The other type of chromosome abnormality, structural, means that a portion of the genetic material has been rearranged in some way; for example, a piece of one chromosome may be attached to another chromosome (translocation), or a piece of a chromosome may be turned upside down (inversion).  A rearrangement may or may not result in obvious health problems. This depends on whether the structural problem ultimately results in a net gain or loss of chromosome material. If the chromosome material is simply in a rearranged fashion, yet all of the genetic information is present, the person may have no clinical symptoms; this is known as a “balanced” rearrangement. However, this type of chromosome rearrangement can cause the individual to have an increased chance for pregnancy losses or infants born with birth defects.  This is because chromosome rearrangements can make it difficult for the genetic information to be divided equally between each egg/sperm cell. If this occurs, and then that egg or sperm cell is used in reproduction, there can be too much or too little genetic material in the resulting fetus. The pregnancy is "unbalanced" chromosomally, and may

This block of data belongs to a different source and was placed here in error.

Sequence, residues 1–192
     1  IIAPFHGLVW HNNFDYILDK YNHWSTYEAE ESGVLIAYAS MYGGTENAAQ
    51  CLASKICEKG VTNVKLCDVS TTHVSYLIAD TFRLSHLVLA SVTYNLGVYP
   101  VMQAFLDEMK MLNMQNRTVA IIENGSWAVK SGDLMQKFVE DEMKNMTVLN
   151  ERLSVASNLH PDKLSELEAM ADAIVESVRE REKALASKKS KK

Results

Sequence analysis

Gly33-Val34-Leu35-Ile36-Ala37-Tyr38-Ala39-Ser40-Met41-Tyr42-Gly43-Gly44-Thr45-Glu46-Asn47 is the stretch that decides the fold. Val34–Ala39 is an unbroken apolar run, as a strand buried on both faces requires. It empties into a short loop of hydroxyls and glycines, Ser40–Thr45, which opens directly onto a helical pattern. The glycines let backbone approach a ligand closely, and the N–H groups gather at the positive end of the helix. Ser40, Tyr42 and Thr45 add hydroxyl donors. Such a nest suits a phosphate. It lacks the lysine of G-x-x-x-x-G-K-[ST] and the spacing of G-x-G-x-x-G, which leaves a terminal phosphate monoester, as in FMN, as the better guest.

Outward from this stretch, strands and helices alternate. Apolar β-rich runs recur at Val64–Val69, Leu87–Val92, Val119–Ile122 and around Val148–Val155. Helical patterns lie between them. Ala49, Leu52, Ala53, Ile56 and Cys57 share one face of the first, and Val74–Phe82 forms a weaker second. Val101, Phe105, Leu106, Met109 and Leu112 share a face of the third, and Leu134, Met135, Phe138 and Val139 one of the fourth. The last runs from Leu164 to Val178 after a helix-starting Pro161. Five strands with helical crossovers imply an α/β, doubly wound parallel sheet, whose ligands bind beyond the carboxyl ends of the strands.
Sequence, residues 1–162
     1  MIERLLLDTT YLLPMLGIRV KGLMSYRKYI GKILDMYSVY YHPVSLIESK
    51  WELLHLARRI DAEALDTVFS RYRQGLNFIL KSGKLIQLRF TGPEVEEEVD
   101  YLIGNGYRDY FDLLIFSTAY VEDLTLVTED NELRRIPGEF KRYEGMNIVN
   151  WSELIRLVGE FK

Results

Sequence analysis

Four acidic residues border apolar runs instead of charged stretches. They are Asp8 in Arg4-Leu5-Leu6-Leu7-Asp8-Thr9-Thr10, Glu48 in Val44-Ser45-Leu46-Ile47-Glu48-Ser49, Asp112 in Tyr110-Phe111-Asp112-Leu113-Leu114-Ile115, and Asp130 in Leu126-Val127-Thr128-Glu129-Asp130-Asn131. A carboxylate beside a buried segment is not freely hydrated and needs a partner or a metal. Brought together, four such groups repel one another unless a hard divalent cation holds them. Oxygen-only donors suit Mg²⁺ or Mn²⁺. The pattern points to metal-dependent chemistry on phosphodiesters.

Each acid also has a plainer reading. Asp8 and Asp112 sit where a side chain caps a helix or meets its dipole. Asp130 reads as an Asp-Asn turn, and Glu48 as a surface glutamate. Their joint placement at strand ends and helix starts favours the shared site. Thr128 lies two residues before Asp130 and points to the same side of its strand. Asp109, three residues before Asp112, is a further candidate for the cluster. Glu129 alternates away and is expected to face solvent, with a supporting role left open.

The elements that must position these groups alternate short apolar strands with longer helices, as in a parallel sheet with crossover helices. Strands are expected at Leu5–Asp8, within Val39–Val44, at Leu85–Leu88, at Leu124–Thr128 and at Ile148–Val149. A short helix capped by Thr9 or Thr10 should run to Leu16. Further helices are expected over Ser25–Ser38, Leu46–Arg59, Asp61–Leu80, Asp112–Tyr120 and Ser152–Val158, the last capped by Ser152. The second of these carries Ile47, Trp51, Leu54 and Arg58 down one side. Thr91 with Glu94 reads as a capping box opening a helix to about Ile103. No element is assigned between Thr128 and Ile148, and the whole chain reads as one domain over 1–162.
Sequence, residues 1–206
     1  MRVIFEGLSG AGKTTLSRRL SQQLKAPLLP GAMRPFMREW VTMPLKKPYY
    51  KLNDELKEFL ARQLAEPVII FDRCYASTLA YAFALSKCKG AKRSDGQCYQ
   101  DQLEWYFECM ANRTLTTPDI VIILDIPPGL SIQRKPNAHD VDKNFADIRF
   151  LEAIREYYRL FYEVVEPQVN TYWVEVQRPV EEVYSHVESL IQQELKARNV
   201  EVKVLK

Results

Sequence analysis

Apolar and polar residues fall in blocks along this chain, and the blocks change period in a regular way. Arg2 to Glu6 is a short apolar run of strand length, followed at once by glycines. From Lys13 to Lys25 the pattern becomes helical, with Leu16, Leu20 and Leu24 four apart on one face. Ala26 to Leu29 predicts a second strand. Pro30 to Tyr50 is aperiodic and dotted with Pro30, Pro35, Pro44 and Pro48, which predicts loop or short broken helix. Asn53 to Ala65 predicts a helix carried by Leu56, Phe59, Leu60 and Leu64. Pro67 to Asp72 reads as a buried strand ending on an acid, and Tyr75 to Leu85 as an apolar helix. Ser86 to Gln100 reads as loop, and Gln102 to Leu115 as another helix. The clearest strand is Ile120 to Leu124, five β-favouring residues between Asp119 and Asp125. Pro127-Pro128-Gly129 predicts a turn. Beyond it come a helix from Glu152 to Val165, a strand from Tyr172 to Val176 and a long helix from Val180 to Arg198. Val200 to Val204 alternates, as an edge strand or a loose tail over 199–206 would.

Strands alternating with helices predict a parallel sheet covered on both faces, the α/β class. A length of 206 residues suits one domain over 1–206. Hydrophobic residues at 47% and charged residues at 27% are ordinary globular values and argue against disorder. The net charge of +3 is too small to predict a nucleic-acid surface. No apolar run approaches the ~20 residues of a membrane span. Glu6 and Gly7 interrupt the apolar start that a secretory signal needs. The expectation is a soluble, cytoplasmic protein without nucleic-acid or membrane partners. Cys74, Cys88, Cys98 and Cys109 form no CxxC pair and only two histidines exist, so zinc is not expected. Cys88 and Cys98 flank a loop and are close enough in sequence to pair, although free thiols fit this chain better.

miscarry or result in the birth of a child with health and/or learning problems. About 1 in 500 persons in the general population carry a rearrangement in their chromosome material. Persons with family or personal histories of multiple pregnancy losses, unexplained stillbirths, or early infant deaths, may be at a slightly greater chance to have a rearrangement in their chromosomes.

Chromosome analysis is recommended as a routine diagnostic procedure for a number of

indications, but obviously for us it was due to infertility.  Chromosome abnormalities can be seen in one or the other parent in approximately 3-6% of infertility or recurrent miscarriage cases.  It’s not very common at all, but we might be that 3-6% of couples and if we are, we are ready to know. 

The thing about chromosome testing is it’s never 100% accurate, just like most things in the medical field.  For example, even when both parents have normal chromosomes and the baby has a normal chromosome study on an amniocentesis, there is still a 2-3% chance for the baby to have a birth defect. My mother and sister never had an amniocentesis performed during their pregnancies, which of course is highly advised.   The struggle I think I have with it, like my mother and sister did, is if something is wrong with the fetus- it’s still a fetus and there’s nothing I can do to change it at that time.  We don’t believe in abortion so it almost seems purposeless to complete such a test.